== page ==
Participants at the Free and Public Events Roundtable called for a festival-specific PRS tariff for British festivals, similar to that of the IMRO in Eire
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The Association of Independent Festivals says an increase in the PRS live tariff would harm grassroots events, and has reiterated its call for a separate festival fee
By Jon Chapple on 14 Jun 2016
The Association of Independent Festivals (AIF) has sounded the alarm against any move by UK collection society PRS for Music to increase the fees paid by its members, warning that any rise in the 3% popular music concerts (LP) tariff would be “catastrophic” for grassroots music festivals.
PRS for Music (formerly the Performing Rights Society) is currently reviewing the fees paid by its licensees. The current live music tariff, which collects 3% of gross box-office receipts per event, has been in force since 1988.
AIF supports the establishment of a festival-specific tariff for the UK, similar to the MS Tariff in the Republic in Ireland – a call echoed by participants at Eventbrite’s Free and Public Events Roundtable in April.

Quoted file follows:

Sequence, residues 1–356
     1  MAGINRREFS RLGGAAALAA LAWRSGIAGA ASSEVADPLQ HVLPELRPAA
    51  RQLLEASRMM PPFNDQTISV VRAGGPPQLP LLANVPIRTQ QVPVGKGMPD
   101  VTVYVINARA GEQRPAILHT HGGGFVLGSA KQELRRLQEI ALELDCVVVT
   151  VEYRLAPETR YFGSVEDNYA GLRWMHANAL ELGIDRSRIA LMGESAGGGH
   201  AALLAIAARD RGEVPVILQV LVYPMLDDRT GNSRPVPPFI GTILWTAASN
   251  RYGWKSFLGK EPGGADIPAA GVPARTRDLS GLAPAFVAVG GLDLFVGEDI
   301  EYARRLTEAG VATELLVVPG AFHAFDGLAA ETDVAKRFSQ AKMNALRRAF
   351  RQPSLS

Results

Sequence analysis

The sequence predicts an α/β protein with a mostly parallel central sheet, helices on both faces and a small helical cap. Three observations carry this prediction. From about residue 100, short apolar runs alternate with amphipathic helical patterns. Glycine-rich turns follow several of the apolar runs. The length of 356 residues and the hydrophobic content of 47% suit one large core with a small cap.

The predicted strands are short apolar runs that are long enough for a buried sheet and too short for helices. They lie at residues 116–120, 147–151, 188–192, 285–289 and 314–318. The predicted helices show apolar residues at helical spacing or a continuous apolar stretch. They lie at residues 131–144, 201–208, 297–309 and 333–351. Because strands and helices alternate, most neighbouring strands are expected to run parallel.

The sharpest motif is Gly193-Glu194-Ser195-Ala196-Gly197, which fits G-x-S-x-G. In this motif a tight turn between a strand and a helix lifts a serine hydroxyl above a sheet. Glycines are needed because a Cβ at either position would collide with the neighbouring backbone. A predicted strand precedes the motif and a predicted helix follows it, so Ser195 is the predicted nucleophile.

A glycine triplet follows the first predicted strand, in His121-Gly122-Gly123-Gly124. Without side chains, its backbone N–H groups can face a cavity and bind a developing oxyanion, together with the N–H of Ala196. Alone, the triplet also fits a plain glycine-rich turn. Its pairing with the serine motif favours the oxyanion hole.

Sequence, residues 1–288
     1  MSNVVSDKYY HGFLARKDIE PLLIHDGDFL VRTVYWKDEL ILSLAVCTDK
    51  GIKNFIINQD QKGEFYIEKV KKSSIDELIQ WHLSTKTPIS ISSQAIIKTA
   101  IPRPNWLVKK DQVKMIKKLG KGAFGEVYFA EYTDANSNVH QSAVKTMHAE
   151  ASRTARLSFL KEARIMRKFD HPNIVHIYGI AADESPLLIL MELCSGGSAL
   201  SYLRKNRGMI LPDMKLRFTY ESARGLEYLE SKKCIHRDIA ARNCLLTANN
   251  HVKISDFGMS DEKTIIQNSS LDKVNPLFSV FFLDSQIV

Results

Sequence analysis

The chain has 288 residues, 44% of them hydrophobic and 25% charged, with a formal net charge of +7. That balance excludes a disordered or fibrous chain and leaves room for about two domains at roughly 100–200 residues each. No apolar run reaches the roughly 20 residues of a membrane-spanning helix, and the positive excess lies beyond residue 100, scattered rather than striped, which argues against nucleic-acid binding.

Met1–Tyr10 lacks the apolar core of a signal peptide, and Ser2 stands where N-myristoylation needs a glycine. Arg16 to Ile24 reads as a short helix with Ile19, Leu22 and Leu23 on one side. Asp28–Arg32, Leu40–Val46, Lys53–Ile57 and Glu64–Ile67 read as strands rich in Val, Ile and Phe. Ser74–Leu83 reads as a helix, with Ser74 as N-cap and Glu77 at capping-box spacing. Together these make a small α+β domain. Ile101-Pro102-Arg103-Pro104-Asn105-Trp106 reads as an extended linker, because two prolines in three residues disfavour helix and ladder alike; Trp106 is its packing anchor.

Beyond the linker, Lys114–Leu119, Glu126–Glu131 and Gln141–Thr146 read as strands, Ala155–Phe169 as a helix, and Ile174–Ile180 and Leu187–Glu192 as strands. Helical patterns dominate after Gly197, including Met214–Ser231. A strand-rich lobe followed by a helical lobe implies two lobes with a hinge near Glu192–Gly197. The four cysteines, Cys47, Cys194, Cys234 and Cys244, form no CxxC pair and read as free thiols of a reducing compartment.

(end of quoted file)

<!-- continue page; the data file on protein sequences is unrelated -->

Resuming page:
Paul Reed, general manager of the AIF says: “It is remarkable and absurd that festivals and concerts sit under a single tariff. With the global recorded industry in transition, independent festival promoters are taking risks on breaking artists and staging high-risk events on incredibly tight margins. PRS for Music’s plans to increase this already inflexible and damaging tariff could mean the bankruptcy of many events that provide a valuable platform for both emerging and established artists.
“PRS for Music’s plans to increase this already inflexible and damaging tariff could mean the bankruptcy of many events that provide a valuable platform for both emerging and established artists”
“There is a clear, unarguable need for a separate festival tariff. This already exists for festivals in [the Republic of] Ireland, a clear precedent and a workable model that PRS should consider and which would result in a solution that is fair, transparent and sustainable.”
Reed adds: “It is also prescient that PRS for Music has over 118,000 members and approached just under 32,000 of them as part of this consultation. They received just 48 responses from their members (0.15%), which is derisory. Songwriters, therefore, are not driving this process. Any increase would be a naked land grab by PRS, driven solely by their executives and some major music publishers.”
AIF argues that PRS for Music doesn’t currently take into consideration that many festivals are actually multi-arts events, or that not everyone is attending them solely for the music. It says that some AIF members have only 12% music content onsite, and are currently paying the equivalent of over 25% of their music programming budget as a result of PRS’s existing system.
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